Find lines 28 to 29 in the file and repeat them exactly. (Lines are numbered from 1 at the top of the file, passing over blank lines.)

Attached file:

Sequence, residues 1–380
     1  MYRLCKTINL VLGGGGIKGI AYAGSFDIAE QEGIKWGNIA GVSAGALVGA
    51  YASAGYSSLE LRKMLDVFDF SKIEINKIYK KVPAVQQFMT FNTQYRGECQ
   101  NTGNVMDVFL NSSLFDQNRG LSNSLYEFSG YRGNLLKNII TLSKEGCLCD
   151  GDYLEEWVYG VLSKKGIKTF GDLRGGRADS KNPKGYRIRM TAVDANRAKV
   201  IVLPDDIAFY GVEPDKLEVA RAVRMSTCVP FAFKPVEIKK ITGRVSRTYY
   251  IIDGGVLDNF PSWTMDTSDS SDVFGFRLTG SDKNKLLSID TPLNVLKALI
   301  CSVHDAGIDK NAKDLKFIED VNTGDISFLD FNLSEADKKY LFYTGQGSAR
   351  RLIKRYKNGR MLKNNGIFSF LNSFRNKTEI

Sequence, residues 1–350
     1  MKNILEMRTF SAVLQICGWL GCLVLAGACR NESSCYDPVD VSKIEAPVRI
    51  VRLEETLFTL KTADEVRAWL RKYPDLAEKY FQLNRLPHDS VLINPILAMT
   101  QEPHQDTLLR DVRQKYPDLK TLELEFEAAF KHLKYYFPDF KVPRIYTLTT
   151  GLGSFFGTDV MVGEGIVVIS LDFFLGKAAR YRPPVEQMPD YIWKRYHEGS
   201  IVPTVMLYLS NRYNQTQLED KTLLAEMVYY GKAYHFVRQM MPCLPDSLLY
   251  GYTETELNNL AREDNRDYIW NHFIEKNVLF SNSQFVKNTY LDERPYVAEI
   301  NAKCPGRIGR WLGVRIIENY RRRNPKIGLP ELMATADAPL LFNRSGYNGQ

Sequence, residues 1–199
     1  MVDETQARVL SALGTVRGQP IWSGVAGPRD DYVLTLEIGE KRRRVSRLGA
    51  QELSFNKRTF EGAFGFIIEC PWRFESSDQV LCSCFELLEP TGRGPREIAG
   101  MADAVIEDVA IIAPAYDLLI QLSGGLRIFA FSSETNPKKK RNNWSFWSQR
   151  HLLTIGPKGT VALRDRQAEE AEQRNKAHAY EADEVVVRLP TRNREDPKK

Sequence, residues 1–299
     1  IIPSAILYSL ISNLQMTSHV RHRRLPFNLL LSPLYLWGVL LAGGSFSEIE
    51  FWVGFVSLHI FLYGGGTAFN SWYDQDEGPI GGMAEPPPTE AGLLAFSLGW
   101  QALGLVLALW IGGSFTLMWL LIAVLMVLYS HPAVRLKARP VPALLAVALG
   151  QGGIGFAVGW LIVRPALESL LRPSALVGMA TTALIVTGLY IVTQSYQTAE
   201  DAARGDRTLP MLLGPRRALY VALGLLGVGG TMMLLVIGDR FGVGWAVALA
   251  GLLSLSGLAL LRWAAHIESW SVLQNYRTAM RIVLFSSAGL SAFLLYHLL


   201  DAARGDRTLP MLLGPRRALY VALGLLGVGG TMMLLVIGDR FGVGWAVALA
   251  GLLSLSGLAL LRWAAHIESW SVLQNYRTAM RIVLFSSAGL SAFLLYHLL